Andrei Sakharov on Nuclear War and Nuclear Peace

Authored by: Jay Bergman

The Routledge History of World Peace Since 1750

Print publication date:  September  2018
Online publication date:  September  2018

Print ISBN: 9781138069138
eBook ISBN: 9781315157344
Adobe ISBN:


 Download Chapter



Andrei Sakharov’s credentials as an advocate of peace are unassailable. Awarded the Nobel Prize for Peace in 1975—the first Russian to be so recognized—he argued in his Nobel lecture, delivered in Oslo by his wife because he was not allowed to leave the Soviet Union, that everyone, not just governments, had an obligation to ensure the survival of humanity by preventing the most obvious and dangerous threat to it: Nuclear war. 1 Sakharov condemned the Soviet system for its multiple human rights violations partly because he believed that adhering to them made countries less likely to wage war. Sakharov had no illusion about the tragic consequences of nuclear war. He recognized that among its casualties would be the very human rights he championed so eloquently—material security, the rule of law, the right to choose one’s place of residence, and a presumption of sanity for political critics and dissidents. For Sakharov, human rights were self-evidently worthless if there were no human beings to enjoy them. 2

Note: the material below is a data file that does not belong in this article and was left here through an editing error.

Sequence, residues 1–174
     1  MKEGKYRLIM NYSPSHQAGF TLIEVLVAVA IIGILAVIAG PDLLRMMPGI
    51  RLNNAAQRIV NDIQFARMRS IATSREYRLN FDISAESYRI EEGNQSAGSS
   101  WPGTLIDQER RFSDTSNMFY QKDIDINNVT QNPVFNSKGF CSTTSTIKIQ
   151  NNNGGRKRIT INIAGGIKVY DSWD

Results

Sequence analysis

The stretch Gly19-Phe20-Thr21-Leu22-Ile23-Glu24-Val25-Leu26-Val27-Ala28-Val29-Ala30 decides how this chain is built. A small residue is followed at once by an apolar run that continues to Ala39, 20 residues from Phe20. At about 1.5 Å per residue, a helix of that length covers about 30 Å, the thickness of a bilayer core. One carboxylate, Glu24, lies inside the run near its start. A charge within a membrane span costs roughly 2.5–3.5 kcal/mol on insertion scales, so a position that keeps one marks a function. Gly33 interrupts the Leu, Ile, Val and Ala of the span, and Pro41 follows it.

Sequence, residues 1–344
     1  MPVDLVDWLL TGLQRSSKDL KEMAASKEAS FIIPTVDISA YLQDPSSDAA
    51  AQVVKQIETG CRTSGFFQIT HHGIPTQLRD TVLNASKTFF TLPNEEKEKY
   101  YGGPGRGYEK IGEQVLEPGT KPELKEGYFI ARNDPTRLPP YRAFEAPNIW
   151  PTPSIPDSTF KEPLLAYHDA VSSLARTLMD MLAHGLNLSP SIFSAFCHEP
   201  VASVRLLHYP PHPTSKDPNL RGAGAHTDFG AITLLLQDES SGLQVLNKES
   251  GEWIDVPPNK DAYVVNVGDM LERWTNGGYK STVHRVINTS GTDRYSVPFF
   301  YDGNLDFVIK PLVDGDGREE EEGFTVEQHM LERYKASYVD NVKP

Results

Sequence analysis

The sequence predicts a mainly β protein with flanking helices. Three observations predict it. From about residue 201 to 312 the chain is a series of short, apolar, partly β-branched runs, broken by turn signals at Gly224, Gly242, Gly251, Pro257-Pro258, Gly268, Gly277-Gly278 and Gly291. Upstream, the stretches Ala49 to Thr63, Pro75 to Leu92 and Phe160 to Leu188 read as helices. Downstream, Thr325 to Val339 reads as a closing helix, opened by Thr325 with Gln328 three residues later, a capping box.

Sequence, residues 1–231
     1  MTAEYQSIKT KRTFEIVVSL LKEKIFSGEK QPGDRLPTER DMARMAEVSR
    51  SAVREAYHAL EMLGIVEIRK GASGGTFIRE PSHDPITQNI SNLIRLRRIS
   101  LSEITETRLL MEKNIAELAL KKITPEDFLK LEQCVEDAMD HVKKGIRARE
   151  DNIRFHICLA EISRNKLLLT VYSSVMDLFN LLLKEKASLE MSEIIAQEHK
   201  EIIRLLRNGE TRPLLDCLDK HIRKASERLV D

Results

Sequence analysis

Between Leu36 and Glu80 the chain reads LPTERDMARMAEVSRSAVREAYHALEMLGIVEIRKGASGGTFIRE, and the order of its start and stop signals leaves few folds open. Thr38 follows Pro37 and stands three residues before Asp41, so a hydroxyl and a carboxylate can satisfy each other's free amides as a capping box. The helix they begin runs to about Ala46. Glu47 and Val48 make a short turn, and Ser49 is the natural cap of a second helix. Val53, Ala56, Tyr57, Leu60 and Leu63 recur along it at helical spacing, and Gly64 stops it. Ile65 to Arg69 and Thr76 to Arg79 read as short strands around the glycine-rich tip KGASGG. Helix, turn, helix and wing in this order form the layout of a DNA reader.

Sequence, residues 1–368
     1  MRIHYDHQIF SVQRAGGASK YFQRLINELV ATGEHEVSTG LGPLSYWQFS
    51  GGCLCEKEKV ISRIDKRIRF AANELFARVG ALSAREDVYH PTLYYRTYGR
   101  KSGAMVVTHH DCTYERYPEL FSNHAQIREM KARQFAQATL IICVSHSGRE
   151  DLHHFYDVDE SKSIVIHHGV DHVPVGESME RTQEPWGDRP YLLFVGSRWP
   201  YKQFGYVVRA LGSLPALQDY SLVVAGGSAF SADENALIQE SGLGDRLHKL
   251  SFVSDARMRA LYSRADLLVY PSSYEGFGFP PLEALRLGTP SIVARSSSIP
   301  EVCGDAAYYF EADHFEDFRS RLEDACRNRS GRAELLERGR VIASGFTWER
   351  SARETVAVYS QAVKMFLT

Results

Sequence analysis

Search for more...
Back to top

Use of cookies on this website

We are using cookies to provide statistics that help us give you the best experience of our site. You can find out more in our Privacy Policy. By continuing to use the site you are agreeing to our use of cookies.